CHATTANOOGA, Tenn. — While his salesmen were ripping off trucking companies, former Pilot Flying J President Mark Hazelwood took to a stage playing the role of “Mark the driver,” testimony showed.
Jurors in U.S. District Court in Chattanooga watched a video the week of Nov. 27 titled “Mission: Ready to Roll 2011.” It captured a gathering of Pilot Flying J truck stop managers in the middle of a five-year, $92 million scheme by the nation’s largest diesel fuel retailer’s sales executives and staffers to defraud trucking companies.
Hazelwood is on trial on federal charges he was part of the conspiracy to commit mail and wire fraud that 14 of his subordinates have admitted. Two others have been granted immunity. Hazelwood is joined at the defense table by former Vice President Scott “Scooter” Wombold and regional account representatives Heather Jones and Karen Mann.
‘I’m Always There’
It wasn’t clear from testimony where the event was filmed. It takes place in a large dining room with a fully equipped sound stage and theater-sized screen.
It begins with country artist Richie McDonald, former front man for the group Lonestar, seated at a piano on stage. McDonald sings the Lonestar song “I’m Already There” as images of truckers traveling the highways flash onto the screen.
The song tells the tale of a man calling from a “cold hotel room” his wife and children back home. When they lament his absence, the man says, “I’m already there. Take a look around. I’m the sunshine in your hair. I’m the shadow on the ground. I’m the whisper in the wind. I’m your imaginary friend.”
As the song ends, truckers are seen on the screen pulling their rigs into a Pilot Flying J truck stop.
Hazelwood, outfitted with a hands-free microphone, walks onto the stage wearing a baseball cap with flames on the side, a flannel shirt, jeans and belt with an oversized buckle.
‘I Am Mark the Driver’
“I am Mark the driver, and that’s where I live every day,” he tells the crowd. “Who am I? I’m 47 years old. I have three kids … I’m just trying to get them through high school. I love sports, NASCAR. I’m not a big Steelers fan, but I love football.”
Hazelwood, who testimony has shown was drawing salary and bonuses of more than a half-million dollars, told the crowd “Mark the driver” earns 38 cents per mile and must pick up his own expenses.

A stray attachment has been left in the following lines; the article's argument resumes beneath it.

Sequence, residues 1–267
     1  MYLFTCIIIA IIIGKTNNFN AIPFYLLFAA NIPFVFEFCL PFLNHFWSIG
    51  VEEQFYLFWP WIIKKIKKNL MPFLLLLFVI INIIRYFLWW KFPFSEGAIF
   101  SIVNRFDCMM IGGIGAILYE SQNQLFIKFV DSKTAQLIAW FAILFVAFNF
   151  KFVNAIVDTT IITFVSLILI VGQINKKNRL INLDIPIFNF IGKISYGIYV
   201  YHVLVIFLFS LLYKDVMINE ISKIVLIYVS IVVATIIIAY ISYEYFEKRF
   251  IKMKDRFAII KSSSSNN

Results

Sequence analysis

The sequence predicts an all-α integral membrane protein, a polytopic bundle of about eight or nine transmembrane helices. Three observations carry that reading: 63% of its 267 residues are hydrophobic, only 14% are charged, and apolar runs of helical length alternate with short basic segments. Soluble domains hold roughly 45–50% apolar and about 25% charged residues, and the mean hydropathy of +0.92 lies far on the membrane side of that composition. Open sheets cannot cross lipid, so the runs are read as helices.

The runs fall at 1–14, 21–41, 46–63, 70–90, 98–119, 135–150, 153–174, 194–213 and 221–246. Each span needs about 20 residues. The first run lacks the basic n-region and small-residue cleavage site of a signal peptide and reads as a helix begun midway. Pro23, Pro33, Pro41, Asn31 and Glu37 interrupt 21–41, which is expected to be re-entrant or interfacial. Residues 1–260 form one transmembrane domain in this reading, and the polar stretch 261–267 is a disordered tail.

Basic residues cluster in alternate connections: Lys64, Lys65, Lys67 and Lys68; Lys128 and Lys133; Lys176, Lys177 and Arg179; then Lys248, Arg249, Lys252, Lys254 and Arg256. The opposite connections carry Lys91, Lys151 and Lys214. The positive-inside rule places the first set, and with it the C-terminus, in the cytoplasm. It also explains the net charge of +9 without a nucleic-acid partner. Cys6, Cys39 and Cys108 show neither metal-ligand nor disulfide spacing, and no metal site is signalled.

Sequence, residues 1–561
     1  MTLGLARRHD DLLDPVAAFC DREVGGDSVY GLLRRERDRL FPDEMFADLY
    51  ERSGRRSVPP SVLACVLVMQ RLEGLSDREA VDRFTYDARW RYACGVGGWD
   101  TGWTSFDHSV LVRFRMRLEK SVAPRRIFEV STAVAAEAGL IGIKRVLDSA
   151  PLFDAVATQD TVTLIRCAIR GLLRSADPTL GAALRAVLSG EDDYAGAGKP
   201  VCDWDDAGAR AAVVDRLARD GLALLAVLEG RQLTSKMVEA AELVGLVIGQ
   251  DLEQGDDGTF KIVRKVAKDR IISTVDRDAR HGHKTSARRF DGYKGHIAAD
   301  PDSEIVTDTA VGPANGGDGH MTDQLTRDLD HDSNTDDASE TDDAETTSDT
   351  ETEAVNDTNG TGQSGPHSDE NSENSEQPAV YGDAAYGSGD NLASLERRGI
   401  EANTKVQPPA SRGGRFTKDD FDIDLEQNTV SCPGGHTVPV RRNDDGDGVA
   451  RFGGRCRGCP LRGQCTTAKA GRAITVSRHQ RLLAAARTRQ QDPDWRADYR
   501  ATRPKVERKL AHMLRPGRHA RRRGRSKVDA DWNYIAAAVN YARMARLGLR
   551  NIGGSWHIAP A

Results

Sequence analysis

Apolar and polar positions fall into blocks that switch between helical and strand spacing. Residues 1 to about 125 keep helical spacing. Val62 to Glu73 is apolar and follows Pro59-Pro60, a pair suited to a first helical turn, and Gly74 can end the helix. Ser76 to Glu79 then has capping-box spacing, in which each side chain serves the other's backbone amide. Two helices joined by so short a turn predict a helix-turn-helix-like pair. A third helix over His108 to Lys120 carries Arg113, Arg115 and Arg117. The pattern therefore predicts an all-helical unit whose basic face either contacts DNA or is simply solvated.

“If these wheels aren’t turning, that paycheck isn’t churning,” Hazelwood said. “Y’all get your expenses paid for. The trucking industry does not pay for meals for its drivers.”
Testimony in the trial, which has spanned weeks, showed sales executives sometimes justified defrauding trucking companies because those trucking company owners were fleecing drivers of the rebates Pilot Flying J did pay, albeit for lower than promised.
Two trucking company owners are shown on the screen at different points during Hazelwood’s presentation talking about the value of trucking to America and Pilot Flying J’s contribution to the industry. One of them was later identified as a fraud victim.
‘I Miss Birthdays, Ballgames’
Hazelwood tells the crowd how tough a profession truck driving can be.
“I miss birthdays, ballgames, some anniversaries,” he said. “I sleep in my truck, and there’s no restroom. I apologize for the Gatorade bottles out back.”
He gives a nod to changes in the industry — some that hurt his business, such as diesel fuel optimization software that helps truckers find the best price at any given moment. Others are societal. He notes “eight percent of drivers” are women now.
Then Hazelwood tells the crowd of truck stop managers what “Mark the driver” wants from them — clean showers, friendly faces, hot food, lots of parking, no waits and plenty of things to buy.
Video then plays of truckers inside Pilot Flying J talking about their needs.
“A lot more consideration,” one trucker said. “You know, courtesy. … We’re spending a lot of money out there.”
‘We Care. We Care. We Care.’
Hazelwood next says from the stage, where he’s been repeatedly changing baseball caps with various trucking logos, “The professional driver is the lifeblood of Pilot Flying J.”
Two Pilot Flying J staffers are then seen standing in the audience with microphones. They shout out various things Pilot Flying J has done for truckers.
“Mr. Driver, we spent $25 million remodeling showers,” one of the staffers said.
Hazelwood draws the crowd into a chant.
“Do you care about the driver?” he asks.
“We care. We care. We care,” the crowd chants back.
Hazelwood’s defense attorney, Rusty Hardin, played the video for jurors after arguing it was relevant to show them another side of his “management style.” Assistant U.S. Attorney Trey Hamilton has presented evidence of another style, using testimony, secret recordings and Hazelwood’s own email in which Hazelwood responded with profanity and wrote “rip their (expletive)” when told two former employees were now competing with Pilot Flying J.
Hamilton and Assistant U.S. Attorney David Lewen are using their witnesses — many of them conspirators — to paint a portrait of Hazelwood jetting across the country on a private Pilot Flying J jet and playing the role of ruthless, sometimes profane salesman. They want to convince the jury he’s also a master fraudster.
Brian Mosher, a former Pilot Flying J director of national accounts, testified this week that when it came to sales, Hazelwood trumped Pilot Flying J Chief Executive Officer Jimmy Haslam.
“(Hazelwood) was a better salesman,” Mosher said.
Haslam has denied knowledge of the scheme and is not charged. Pilot Flying J’s board of directors confessed criminal responsibility.